“You ride a Harley for the sound,” my father would say to me when I was six, as he’d throttle the engine of his 1974 Kawasaki KZ 400.
I’d be standing behind the bike, playing in the warmth of the exhaust and asking him to throttle the engine again. He’d pull the clutch and stomp the shifter into first with a loud, abrupt clunk. The rumble of the engine would deepen as he’d engage the gear, lift his feet to the pegs and take off down the street—the bike getting louder as he’d accelerate, shift, accelerate and shift, until he was so far away that the sound was gone. Silence as I’d sit on the curb and wait, listening for the distinctive rasp of his motorcycle off in the distance indicating his return.
When he did finally come back there was always something different about him. His hair would be blown back, his face would be flushed and he’d have a grin he otherwise never wore.
He’d lift me up and put me on the seat in front of him. I’d stretch my toes to rest on the engine guards and grip the sides of the blue gas tank, and off we’d go—it was the late seventies, safety hadn’t been invented yet.
He rode that bike for the next few years, mostly on the weekends and after work on summer evenings until one day, while out for a ride, he hit a slick of oil and the bike slid out from beneath him.
That was the last time he rode the blue KZ 400.
He had been wearing a helmet and wasn’t going very fast, but he was lucky all the same. He decided that since he had small children he had no business being on a motorcycle.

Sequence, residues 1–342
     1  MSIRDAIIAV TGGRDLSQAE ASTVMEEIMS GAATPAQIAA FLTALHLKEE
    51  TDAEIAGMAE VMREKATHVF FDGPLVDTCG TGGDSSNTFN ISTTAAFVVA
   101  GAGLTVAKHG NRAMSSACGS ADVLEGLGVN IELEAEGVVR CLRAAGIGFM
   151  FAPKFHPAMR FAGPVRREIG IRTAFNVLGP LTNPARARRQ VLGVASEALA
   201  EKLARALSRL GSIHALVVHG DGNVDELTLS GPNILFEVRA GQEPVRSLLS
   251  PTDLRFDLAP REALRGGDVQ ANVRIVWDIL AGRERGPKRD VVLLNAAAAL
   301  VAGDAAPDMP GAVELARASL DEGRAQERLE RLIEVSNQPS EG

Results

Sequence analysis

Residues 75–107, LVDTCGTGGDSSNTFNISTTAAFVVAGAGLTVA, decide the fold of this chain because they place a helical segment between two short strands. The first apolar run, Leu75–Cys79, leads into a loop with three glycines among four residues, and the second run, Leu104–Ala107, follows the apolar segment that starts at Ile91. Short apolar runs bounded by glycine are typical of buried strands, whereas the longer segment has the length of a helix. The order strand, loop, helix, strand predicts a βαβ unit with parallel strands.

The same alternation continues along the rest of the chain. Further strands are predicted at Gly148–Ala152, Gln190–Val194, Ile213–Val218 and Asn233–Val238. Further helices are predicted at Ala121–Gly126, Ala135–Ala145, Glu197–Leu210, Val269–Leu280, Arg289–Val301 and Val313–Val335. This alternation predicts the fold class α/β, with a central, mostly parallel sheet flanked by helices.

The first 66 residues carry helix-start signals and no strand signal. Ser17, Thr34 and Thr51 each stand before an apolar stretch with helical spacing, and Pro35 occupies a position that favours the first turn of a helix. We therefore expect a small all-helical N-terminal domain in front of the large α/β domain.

Over time, the bike became a large yard ornament, with weeds growing between the spokes. The tires had deflated, the paint faded, and sprinklings of rust appeared like a dusting of cinnamon over the once mirrored chrome.
Eventually the bike was given away and while my father talked about getting another one someday, he never did. Instead, he went to motorcycle shows and collected pamphlets that would never come out of the bag into which they were collected. He’d watch bikes fly by with a bit of yearning, sometimes stopping in his tracks to take in the explosive boom of an obnoxiously loud Harley Davidson setting off car alarms in its path. And when I grew up and bought a motorcycle of my own, a vintage BMW, he didn’t do much more than tool it up and down the street once, and sat on it with envy—the same way I had sat on his KZ 400.
Motorcycles were the one thing my father and I bonded over—we both had the bug. So when I offered the idea of him riding his dream bike along the California coast for his 60th birthday, I was surprised when he paused.
It hadn’t occurred to me that it had been twenty-five years since the oil slick took him out on the KZ 400, and in that time while I had gotten bigger, stronger and more coordinated, he had become less. His reflexes had dulled and his balance wasn’t what it had been, but mostly (even though he kept renewing his motorcycle license over the years) he hadn’t actually ridden a bike since.
But the bug did eventually kick in, as it always does.
We flew into LAX from Chicago, took a cab from the airport to Route 66 motorcycle rentals on Lincoln Blvd., and from there it was like Easy Rider. We had to be in San Francisco in five days to catch a flight back to Chicago, but aside from that, time was irrelevant.
We began the trip slowly and with no map as we only had one road—Highway 1 North. We stopped when we needed fuel, food, or happened to see something worth seeing: a lighthouse, winery, or a cliff overlooking the ocean that made us realize we were standing on the edge of the country. Aside from the stops, it was nothing but sound—the rumbling of the engines bouncing off of the cliff walls and out to sea… CONTINUE READING
CONTINUE READING: For more photos and the conclusion of Matt's trip with his dad